Ironically, I was born in Montes Claros, where De Souza might play. Throughout my childhood I lived with many different types of violence against women, including some close to my own family. The city is one of ten largest cities in the state of Minas Gerais which has Brazil’s third largest GDP. Two decades have passed since my childhood in Brazil. All of these years have brought some significant changes.

The Brazilian Forum on Public Security report found that violence against women – specifically cases of rape – outweigh those of murder. In 2012, the country recorded 26.1 rapes per 100 thousand inhabitants. The number of homicides was 24.3. The high number, however, is the result of a larger initiative to encourage women to publicly denounce and report rape. We have gotten bolder in reporting this crime, a reflection of important and shifting gender dynamics in twenty first century Brazil.

Nowadays, Brazilian women account for most of the students in universities including higher status graduate courses such as Medicine. Although our salaries still do not reach those of our male population, we hold ,as never before, executive positions. The country’s president is Ms. Dilma Rousseff.

In addition, perhaps the most dramatic change in the way gender is perceived now in Brazilian society is the implementation of Maria da Penha Law, in 2006, which increases the severity of punishments in cases of violence against women in the home environment or family. Increases in per capita income and quality of life, which led to a major expansion of the Brazilian middle-class, also have contributed to a more active female participation in the reporting and prosecuting of crimes. Still much needs to be done.

Montes Claros is situated in the north of Minas Gerais, the poorest region of the state and poverty there is still an obstacle for women. Although the main economic center of the state’s North and on the list of the hundred most populous cities in the country, Montes Claros is only now at a point where cities such as Maringá, in southern Brazil – and with only 145 citizens more than in Montes Claros – are at with a Municipal Human Development Index (MHDI) above average.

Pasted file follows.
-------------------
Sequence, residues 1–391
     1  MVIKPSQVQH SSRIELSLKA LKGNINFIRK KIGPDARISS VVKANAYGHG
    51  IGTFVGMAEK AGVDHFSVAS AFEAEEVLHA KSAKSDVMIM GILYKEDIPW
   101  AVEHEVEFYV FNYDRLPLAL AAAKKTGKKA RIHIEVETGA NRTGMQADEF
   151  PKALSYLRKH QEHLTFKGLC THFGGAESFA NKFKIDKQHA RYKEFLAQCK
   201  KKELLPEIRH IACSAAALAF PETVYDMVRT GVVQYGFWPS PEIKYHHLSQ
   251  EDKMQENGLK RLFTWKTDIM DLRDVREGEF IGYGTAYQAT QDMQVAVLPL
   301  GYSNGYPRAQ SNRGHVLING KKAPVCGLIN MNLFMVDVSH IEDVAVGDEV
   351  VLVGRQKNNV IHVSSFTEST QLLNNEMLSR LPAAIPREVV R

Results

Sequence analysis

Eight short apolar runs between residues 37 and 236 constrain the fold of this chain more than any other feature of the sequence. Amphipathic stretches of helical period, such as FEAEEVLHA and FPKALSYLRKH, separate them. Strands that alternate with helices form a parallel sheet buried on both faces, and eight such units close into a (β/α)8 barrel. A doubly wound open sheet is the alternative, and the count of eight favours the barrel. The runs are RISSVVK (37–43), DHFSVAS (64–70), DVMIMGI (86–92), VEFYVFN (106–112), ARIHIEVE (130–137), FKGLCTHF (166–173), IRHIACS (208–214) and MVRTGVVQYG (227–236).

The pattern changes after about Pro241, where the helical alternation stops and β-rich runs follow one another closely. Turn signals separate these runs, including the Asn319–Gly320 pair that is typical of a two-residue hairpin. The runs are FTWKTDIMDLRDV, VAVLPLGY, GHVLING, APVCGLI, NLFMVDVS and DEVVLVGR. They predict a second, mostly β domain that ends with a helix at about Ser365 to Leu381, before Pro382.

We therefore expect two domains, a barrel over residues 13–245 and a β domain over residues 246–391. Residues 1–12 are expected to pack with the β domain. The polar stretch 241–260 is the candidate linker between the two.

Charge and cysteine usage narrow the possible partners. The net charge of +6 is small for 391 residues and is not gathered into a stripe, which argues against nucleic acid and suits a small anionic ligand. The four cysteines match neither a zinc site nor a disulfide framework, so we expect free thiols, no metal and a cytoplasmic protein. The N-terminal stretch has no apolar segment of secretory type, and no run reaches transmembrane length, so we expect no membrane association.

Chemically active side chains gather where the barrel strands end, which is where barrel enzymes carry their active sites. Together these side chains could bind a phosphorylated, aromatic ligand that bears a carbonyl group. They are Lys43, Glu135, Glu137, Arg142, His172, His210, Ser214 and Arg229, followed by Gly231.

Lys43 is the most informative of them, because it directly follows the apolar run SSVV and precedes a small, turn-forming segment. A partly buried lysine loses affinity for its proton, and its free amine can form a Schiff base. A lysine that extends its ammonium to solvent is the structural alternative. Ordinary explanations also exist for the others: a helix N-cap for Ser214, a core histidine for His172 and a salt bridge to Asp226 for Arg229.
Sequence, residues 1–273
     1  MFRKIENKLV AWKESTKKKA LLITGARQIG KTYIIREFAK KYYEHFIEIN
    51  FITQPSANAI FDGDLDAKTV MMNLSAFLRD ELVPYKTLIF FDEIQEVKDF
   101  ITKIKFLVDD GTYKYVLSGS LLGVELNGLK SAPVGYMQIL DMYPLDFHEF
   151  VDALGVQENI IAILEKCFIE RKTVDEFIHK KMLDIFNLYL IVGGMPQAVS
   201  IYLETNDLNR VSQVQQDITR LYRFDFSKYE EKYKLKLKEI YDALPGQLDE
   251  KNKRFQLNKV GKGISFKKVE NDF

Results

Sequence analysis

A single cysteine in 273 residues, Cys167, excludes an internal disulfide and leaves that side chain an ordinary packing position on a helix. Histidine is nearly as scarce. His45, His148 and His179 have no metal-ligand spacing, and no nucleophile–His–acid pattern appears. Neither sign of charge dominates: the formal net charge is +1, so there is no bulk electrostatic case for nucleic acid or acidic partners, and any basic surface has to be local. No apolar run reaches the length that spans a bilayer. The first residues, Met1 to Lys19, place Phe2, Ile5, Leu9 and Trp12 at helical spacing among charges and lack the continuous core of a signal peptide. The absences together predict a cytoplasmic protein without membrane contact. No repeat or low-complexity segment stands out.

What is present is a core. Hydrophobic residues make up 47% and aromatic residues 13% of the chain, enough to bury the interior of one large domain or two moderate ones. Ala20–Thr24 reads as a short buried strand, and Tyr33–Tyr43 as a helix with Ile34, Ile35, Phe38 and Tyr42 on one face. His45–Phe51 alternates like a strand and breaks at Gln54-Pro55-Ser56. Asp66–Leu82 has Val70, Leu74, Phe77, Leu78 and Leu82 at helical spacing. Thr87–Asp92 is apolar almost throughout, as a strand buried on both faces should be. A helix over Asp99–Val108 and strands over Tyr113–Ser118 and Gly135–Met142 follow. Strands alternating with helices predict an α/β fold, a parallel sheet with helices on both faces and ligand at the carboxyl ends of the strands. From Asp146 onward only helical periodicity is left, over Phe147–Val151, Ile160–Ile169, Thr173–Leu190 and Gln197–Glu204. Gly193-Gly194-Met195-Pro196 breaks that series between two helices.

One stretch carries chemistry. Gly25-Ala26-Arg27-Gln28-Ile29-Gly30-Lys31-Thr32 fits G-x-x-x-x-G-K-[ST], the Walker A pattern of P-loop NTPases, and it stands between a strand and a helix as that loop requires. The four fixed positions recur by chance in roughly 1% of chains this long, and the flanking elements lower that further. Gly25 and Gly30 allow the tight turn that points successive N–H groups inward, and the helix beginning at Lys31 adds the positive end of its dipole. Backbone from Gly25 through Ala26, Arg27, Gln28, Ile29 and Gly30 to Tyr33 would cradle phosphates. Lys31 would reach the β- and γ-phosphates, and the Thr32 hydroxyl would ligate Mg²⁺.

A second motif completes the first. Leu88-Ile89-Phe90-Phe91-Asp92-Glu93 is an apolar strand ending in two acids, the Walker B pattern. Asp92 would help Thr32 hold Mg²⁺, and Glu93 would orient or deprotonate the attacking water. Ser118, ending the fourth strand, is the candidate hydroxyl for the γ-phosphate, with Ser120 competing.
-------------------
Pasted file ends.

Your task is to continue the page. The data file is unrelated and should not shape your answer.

In 2000, while Maringa totaled 0.740 for its MHDI; Montes Claros’ MHDI was 0.661. Despite the Brazilian MHDI having grown 47.5 % over the past two decades, according to the United Nations Program for Development, Montes Claros now stands at 0.770 and is still behind Maringa’s 0.808.

In this poor city, if authorized by the Judiciary, Bruno will possibly be greeted with floodlights. A Brazilian channel launched an online poll asking its readers whether they agree or not that Bruno should play for the Montes Claros Football Club even while still jailed. Almost 60% of those polled agree he should play for the club.

The team’s main player also has already said he was “very happy” with the possibility of having the former goalkeeper at the Montes Claros Football Club. The Club’s sponsors as well did not oppose the contract with the athlete and the team’s board of directors conceive De Souza’s coming as a social action.

Montes Claros means “light hills”, but in this scenario – the complete disregard towards women and especially Eliza Samudio’s case should represent the darkness that remains.


photo-14Majored in Journalism, Lorena Campos worked for ‘Hoje em Dia’ and ‘O Norte de Minas’ newspapers in Brazil and while working at the he Minas Gerais State Assembly wrote parliamentary speeches. The journalist also wrote and directed the documentary ‘Latin America: The Geography of The Abortion’ in 2009. She came to the US in 2012 to complete her post-undergraduate studies in International Trade at Baruch College and has worked as a media producer.